Their new album, For the first timewill surely increase the size of their fanbase. It is out now via Ninja Tune from these links or directly from Bandcamp. It is unquestionably one of the best albums of 2021 so far.

Black Country, New Road are: Isaac Wood (vocals/guitar), Luke Mark (guitar),Tyler Hyde (bass), May Kershaw (keys), Lewis Evans (sax), Georgia Ellery (violin), and Charlie Wayne (drums).

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Noga Erez – “End of the Road” (Tel Aviv Yafo, Israel)

RIYL: M.I.A., Billie Eilish, Ibeyi

Confidence. Fierceness. Swagger. Whatever term you use, the biggest stars often possess these qualities. That self-assured charm is what transformed Lizzo from an obscure flautist to a global phenomenon. The same applies to Adele, whose powerful vocals turned the teen singer into a megastar. We have been singing the praises of Israeli artist Noga Erez since her 2017 debut, Off the Radar, wowed us with its brilliance. If her song “End of the Road” is any indication, her transformation into the Next Big Thing is just around the corner.

Spitting rapid-fire lyrics with the precision of M.I.A., Noga Erez again dazzles listeners. Since she realizes this may be the first time new listeners hear her, some verses serve as an introduction of sorts. But as longtime fans know, her lyrics also deal with political issues that arise in her home and abroad. Stories of war and families struggling to survive are recurring themes that are not glossed over but presented with clear-eyed determination:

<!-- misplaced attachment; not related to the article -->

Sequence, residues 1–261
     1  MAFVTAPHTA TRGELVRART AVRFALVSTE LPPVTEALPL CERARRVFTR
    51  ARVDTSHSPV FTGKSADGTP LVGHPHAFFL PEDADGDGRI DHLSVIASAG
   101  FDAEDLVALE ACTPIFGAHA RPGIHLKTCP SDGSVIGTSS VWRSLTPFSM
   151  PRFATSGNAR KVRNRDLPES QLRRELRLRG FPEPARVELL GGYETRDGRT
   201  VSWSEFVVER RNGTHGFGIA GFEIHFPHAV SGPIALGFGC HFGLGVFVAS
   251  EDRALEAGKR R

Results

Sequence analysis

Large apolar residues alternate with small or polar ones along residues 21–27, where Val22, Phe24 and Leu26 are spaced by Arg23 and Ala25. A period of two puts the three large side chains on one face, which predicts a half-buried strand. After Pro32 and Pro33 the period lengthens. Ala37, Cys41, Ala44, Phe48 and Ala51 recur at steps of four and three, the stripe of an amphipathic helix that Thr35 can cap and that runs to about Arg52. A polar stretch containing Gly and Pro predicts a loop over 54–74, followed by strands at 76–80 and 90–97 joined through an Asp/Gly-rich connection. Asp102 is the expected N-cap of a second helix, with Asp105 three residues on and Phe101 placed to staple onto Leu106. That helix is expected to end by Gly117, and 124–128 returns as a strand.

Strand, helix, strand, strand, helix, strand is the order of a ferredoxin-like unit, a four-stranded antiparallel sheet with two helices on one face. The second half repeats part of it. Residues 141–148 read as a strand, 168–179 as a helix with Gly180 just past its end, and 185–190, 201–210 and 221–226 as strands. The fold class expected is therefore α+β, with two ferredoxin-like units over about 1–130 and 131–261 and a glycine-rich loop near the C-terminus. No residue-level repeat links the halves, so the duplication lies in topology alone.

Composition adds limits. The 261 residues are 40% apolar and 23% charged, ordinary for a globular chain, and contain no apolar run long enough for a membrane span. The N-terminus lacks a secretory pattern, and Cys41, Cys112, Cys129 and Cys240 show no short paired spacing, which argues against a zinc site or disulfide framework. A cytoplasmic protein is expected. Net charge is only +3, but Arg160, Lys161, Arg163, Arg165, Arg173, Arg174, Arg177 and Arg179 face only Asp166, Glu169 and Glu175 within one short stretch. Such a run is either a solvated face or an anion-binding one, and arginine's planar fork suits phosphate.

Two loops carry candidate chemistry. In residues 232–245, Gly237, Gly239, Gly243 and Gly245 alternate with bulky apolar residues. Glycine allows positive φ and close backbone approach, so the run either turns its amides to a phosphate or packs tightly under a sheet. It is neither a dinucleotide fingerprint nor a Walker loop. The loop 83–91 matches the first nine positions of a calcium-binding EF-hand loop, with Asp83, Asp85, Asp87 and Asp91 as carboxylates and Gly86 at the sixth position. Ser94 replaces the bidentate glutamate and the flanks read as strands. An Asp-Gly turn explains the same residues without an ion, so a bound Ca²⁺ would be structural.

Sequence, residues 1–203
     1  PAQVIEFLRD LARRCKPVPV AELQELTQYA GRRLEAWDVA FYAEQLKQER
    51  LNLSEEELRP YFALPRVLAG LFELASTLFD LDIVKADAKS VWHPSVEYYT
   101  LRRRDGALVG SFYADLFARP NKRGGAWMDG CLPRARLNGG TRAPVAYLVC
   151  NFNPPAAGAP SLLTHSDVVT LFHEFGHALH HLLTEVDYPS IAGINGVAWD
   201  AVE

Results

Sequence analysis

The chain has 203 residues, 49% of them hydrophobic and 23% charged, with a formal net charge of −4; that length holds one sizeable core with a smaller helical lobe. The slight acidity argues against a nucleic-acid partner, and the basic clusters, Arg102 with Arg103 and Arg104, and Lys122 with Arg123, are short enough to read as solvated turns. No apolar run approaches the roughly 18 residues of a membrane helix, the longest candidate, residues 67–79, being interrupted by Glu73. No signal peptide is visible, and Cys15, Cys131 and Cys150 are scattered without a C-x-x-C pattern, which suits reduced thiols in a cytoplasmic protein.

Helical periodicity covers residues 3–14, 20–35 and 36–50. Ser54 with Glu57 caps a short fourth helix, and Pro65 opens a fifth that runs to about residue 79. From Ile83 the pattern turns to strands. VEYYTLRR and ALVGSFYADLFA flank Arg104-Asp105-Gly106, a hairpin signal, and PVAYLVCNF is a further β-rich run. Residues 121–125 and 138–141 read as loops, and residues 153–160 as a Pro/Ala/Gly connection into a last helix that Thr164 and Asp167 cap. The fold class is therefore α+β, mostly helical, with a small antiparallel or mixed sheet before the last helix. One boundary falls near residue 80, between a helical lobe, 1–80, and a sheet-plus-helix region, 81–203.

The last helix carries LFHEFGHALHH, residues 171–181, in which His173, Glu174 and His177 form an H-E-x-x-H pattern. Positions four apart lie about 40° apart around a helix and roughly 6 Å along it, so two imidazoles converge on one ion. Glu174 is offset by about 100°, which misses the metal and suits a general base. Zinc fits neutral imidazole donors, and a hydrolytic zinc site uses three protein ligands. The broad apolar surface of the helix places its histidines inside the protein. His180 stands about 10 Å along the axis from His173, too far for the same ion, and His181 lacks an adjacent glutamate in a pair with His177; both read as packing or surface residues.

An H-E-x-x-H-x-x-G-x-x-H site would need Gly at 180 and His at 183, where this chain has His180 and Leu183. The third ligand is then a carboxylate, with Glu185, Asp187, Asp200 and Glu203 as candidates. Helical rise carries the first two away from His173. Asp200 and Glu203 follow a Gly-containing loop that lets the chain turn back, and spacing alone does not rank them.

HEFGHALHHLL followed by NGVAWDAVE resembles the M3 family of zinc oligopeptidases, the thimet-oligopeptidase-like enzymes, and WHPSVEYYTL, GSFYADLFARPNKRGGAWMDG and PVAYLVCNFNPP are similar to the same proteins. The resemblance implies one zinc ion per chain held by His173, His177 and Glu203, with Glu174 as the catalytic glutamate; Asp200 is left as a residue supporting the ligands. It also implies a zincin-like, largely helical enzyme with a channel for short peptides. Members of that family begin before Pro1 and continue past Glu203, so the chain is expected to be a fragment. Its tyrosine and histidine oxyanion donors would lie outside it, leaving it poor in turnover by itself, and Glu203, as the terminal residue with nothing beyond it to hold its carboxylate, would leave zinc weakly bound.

Lately I got ceilings but I burn in the sun
Never miss one shot, I’m sick as a gun
I got mortal friends, I’m dead as they come
Like, hey! I’m on the way!

She may be singing “I don’t know what really happens at the end of the road,” but with this song and this album she is announcing to the world that her journey is just beginning.

KIDS arrives March 26th via City Slang with pre-orders from Bandcamp. Noga Erez will host a KIDS: A Livestream on April 1st and 2nd. It promises to be an experience where “visual lines are constantly being blurred,” so count us in!

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Damien Jurado – “Helena” (Seattle, USA)

RIYL: Phosphorescent, Gregory Alan Isakov, I’m Kingfisher